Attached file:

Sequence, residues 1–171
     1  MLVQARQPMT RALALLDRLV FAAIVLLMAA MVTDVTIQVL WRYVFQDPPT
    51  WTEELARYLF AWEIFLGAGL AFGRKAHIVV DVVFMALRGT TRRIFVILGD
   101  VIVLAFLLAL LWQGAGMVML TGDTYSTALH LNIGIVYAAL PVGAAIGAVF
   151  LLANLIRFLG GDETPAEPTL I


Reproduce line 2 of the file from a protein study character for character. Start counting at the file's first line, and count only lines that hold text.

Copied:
     1  MLVQARQPMT RALALLDRLV FAAIVLLMAA MVTDVTIQVL WRYVFQDPPT